The Weird Workplace

A collection of unusual and quirky stories from across Canada and around the world
|Canadian HR Reporter|Last Updated: 05/31/2018
Raccoon
A high school teacher has been placed on administrative leave with pay after a video surfaced showing him drowning a raccoon. Credit: Sonsedska Yuliia (Shutterstock)

Suspension after drowning

MARION COUNTY, FLA. – A high school teacher has been placed on administrative leave with pay after a video surfaced showing Dewie Brewton drowning “nuisance” animals during class. The agriculture teacher is seen dumping a raccoon in a metal cage into a large garbage bin filled with water. “We received statements that the teacher drowned multiple animals in front of students, and with student participation, because the animals were nuisance animals to the ag program at the school,” said Kevin Christian, spokesperson for Marion County Public Schools. Brewton was removed from class “pending the outcome of a district investigation,” said officials. The Florida Fish and Wildlife Conservation Commission also said it was looking into the incident.

Humour with a message

KENSINGTON, P.E.I. – A small police force in Prince Edward Island is using humour and pop-culture references online to gain a wider audience — both nationally and internationally, according to the Canadian Press. A recent post by the Kensington Police Force on April 20 (known as Weed Day) was viewed by more than a 250,000 people. It showed a trap with snack foods and video games as the bait, and the caption: “Snowy and blustery out, but undercover #420 operations are all ready to roll out. Now we just sit and wait…” However, the force did run into trouble in late 2016 when it said drivers arrested for drinking and driving would be forced to listen to Canadian rock band Nickelback. That post had more than 23 million views.

Unwelcome eye spy

CALGARY – A recent initiative by WestJet to have customers review their in-flight service has not gone over well. The airline apparently asked frequent flyers to capture their experience through an app where they could type comments, snap a photo or record video, according to CBC. “The ask was aimed at understanding the elements of their journey that stood out and/or impressed them, as well as understanding where we can do better,” wrote a member of WestJet’s research and insights team. Union officials called the practice “unacceptable” and a violation of privacy rules, and WestJet said the program has since ended. But Marvin Ryder, an assistant professor of marketing at McMaster University, said it’s common for companies to solicit this kind of feedback. “Although I’ve not heard of this in the context of other airlines, what WestJet was asking people to do is not that unusual.”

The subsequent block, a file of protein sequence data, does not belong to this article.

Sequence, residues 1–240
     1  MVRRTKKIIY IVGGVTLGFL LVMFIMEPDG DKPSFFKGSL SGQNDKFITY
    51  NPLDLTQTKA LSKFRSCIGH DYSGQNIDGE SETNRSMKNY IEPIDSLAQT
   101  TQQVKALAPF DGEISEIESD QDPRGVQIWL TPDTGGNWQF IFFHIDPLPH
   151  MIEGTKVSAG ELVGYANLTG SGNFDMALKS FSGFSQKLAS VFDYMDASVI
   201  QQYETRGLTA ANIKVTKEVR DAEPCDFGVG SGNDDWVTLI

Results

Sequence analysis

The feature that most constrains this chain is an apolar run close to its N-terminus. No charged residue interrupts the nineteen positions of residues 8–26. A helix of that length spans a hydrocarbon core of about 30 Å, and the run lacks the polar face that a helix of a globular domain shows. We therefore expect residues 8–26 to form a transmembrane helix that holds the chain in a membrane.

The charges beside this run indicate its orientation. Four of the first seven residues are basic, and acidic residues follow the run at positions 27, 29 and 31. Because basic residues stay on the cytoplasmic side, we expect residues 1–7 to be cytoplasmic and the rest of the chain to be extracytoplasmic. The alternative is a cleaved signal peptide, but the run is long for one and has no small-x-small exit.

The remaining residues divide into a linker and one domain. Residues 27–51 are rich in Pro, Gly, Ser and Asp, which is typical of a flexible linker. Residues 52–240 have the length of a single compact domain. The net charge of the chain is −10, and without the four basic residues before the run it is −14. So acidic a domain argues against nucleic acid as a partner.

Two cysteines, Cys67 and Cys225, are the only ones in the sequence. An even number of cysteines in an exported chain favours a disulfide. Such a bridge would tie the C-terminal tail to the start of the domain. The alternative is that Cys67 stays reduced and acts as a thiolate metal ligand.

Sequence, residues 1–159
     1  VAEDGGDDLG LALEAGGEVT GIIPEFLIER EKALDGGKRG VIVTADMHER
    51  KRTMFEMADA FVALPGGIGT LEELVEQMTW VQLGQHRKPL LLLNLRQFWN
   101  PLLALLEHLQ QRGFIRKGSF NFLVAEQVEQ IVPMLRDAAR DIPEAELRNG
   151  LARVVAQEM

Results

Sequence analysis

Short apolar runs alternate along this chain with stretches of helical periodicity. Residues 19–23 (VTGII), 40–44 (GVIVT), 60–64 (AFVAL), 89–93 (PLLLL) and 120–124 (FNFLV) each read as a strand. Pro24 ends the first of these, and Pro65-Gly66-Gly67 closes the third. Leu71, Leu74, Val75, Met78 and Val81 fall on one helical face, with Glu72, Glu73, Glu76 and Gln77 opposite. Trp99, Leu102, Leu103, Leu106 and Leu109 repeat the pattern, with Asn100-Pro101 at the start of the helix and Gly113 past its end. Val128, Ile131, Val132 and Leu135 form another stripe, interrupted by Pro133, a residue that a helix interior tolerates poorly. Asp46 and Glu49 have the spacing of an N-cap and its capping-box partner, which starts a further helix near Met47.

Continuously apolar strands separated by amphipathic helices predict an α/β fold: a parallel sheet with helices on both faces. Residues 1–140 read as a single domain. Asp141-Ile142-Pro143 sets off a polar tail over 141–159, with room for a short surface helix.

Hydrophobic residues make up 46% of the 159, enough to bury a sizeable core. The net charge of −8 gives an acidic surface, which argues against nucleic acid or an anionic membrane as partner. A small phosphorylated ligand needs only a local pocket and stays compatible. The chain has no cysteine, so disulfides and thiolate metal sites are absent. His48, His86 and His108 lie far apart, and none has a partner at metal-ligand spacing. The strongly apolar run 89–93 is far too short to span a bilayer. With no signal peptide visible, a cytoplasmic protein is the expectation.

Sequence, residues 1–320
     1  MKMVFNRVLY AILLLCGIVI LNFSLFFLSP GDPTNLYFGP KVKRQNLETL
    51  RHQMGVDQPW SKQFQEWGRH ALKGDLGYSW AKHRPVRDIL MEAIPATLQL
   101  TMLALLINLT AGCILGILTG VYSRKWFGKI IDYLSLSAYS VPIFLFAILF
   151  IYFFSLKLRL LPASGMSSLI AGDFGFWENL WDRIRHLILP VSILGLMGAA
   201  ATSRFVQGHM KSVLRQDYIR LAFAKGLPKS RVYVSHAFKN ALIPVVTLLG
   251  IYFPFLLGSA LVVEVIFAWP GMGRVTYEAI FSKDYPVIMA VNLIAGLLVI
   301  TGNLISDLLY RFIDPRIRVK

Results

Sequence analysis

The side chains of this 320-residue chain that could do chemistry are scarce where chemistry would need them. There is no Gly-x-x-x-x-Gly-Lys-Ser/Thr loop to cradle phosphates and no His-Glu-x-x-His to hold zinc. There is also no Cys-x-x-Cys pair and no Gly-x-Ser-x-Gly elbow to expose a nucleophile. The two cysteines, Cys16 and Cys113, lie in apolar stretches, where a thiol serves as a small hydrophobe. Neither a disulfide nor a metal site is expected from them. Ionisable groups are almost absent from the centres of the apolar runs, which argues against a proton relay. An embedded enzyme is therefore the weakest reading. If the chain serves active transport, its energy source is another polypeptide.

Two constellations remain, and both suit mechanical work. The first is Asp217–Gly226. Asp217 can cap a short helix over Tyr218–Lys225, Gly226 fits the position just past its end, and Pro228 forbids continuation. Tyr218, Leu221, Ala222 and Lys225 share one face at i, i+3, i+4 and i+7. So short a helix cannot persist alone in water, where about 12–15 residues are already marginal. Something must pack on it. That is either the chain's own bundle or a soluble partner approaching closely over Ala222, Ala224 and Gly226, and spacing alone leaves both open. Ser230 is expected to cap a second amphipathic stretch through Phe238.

‘Men preferred’

CHINA – Big tech companies in China were in the hot seat recently after a Human Rights Watch report highlighted discrimination in job advertising in the country, according to CNN. “Nearly one in five job ads for China’s 2018 national civil service called for ‘men only’ or ‘men preferred,’ while major companies like Alibaba have published recruitment ads promising applicants ‘beautiful girls’ as co-workers,” said Sophie Richardson, China director at Human Rights Watch. In analyzing more than 36,000 job ads, Only Men Need Apply revealed sexist ads from Alibaba, Baidu, Huawei and Tencent. All of the companies named promised to make improvements, but China’s legal framework is also to blame, said the report: “The laws lack a clear definition of what constitutes gender discrimination, and provide few effective enforcement mechanisms... As a result, the level of enforcement is low and Chinese authorities rarely proactively investigate companies that repeatedly violate relevant laws.”

They're no Tom Cruise

ITALYBartenders beware: The cocktail bars on some Royal Caribbean cruise ships have been taken over by robots, according to the Daily Mail. The bionic arms sit on a countertop and can reach up to a variety of beverages hanging from the ceiling to make up to 30 different cocktails. They can mix up to two drinks per minute or 1,000 per day. Guests choose their drinks electronically from a tablet and can pick the flavours and spirits they prefer, along with a choice of muddled, stirred, shaken or strained. The orders for patrons are shown on-screen, with a time illustrating when their order will be ready. The cocktails then slide automatically towards customers at the Bionic Bar. The robots were developed by Makr Shakr in Torino, Italy, and their movements were modelled after a ballet dancer.

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